Afghan Prison Abuse: Who Gave the Orders?

The New York Times examines the case of John Boland, a military reserve officer from Cincinnati charge with abusing prisoners at Bagram Air Force Base in Afghanistan. First, the charged facts:

The report also said that Sergeant Boland shackled an Afghan named Dilawar, chaining his hands above his shoulders, and denied medical care to the man, a 22-year-old taxi driver, whose family said he had never spent a night away from his mother and father before being taken to the American air base at Bagram, 40 miles north of Kabul. The two detainees died there within a week of each other in December 2002.

Now, 21 months later, the Army has charged Sergeant Boland with assault and other crimes and investigators are recommending that two dozen other American soldiers face criminal charges, including negligent homicide, or other punishments for abuses that occurred more than a year before the scandal at the Abu Ghraib prison in Iraq.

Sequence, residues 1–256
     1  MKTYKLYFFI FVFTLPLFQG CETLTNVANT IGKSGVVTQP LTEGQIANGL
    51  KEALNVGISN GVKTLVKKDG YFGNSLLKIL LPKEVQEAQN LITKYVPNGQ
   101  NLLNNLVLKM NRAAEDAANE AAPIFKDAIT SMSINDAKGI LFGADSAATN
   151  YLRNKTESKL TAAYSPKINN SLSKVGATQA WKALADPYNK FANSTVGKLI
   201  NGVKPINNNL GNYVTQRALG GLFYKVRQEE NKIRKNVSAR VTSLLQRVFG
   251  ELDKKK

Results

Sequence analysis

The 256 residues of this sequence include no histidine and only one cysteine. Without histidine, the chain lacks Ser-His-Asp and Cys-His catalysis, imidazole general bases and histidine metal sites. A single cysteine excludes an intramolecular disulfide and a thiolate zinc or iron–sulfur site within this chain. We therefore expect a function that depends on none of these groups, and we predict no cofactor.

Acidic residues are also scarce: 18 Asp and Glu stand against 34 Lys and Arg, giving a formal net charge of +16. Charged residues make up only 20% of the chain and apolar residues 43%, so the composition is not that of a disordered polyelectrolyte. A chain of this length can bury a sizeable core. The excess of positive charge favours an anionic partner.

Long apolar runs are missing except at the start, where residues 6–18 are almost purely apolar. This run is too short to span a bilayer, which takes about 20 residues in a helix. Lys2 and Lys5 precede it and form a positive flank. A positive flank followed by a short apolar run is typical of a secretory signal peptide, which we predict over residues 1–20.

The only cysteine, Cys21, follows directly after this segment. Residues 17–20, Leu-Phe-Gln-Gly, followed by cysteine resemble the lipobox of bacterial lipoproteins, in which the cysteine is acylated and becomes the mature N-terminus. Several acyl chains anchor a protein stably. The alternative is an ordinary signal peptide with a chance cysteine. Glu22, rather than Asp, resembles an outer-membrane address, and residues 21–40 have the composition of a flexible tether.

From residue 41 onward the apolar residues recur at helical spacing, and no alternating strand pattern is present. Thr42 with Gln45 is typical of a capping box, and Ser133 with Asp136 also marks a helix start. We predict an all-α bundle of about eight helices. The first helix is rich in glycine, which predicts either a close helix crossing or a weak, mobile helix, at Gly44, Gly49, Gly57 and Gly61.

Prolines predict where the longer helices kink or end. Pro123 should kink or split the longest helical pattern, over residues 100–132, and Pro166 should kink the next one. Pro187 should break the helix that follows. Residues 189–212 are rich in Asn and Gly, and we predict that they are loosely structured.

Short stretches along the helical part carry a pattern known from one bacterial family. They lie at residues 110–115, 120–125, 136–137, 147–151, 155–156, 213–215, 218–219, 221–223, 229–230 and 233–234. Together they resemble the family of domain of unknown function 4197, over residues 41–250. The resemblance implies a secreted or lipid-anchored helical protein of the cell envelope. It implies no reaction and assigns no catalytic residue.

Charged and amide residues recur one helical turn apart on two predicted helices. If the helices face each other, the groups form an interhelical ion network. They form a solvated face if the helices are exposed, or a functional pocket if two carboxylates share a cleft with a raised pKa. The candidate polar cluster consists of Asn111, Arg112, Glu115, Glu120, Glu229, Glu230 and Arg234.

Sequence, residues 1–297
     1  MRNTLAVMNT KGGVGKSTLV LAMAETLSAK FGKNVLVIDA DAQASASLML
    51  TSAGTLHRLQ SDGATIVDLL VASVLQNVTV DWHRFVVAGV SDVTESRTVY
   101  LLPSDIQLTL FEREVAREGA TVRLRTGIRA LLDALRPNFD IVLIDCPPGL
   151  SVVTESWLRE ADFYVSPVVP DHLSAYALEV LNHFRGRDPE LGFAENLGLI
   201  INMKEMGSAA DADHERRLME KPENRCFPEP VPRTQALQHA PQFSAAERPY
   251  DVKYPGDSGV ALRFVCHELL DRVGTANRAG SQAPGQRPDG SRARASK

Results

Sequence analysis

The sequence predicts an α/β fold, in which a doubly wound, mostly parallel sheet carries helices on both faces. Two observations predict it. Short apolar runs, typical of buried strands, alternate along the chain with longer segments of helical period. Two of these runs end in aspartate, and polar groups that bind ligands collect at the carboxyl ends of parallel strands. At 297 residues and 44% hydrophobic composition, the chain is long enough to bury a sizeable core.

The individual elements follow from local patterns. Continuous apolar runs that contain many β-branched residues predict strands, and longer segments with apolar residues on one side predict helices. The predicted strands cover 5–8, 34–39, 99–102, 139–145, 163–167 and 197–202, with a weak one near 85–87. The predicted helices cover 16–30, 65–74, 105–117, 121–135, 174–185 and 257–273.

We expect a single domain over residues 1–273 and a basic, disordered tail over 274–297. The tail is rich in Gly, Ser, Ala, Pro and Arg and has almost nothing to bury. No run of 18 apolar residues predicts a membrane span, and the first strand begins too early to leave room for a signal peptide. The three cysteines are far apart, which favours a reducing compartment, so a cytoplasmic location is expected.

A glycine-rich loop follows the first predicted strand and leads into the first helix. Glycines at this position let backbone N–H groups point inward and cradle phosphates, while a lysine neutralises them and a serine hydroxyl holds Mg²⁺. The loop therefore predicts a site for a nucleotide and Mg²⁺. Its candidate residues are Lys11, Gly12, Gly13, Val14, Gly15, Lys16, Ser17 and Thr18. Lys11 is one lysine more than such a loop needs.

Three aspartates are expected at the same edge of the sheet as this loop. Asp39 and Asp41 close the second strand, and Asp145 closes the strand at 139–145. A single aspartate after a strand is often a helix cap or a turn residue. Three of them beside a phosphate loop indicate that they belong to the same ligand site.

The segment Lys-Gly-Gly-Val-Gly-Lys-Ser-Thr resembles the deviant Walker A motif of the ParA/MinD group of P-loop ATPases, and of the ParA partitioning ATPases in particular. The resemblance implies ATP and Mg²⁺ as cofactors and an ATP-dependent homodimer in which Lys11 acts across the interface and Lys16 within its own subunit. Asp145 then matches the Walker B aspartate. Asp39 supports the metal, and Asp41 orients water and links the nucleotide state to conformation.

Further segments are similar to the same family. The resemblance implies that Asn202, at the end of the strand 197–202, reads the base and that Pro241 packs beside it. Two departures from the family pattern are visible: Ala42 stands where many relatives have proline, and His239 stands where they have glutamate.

Who authorized these methods of interrogation? And why did the military first say the two detainees died of natural causes? And who authorized the CIA to keep their names off the prisoner roster to shield them from the Red Cross?

An upcoming report is expected to address these questions. One person whose account is sure to be called into question: Lt. Gen. Daniel K. McNeill, the commander of American forces in Afghanistan in 2002 and 2003.

Defense Secretary Rumsfeld approved harsh interrogation methods for Guantanamo, but reportedly, not for Iraq or Afganistan. Yet, such methods were used.

"Interrogation techniques intended only for Guantánamo came to be used in Afghanistan and Iraq,'' a separate report by an independent panel, appointed by Mr. Rumsfeld and headed by James R. Schlesinger, a former defense secretary, found in August.

Read the accounts, they are disgusting. Was it Rumsfeld? Was it the CIA, acting on its own? Will we ever know the truth?

Background on the Bagram deaths and abuse is here, here here and here. Another Afghan prisoner's account of his torture is here. Human Rights Watch weighs in too.

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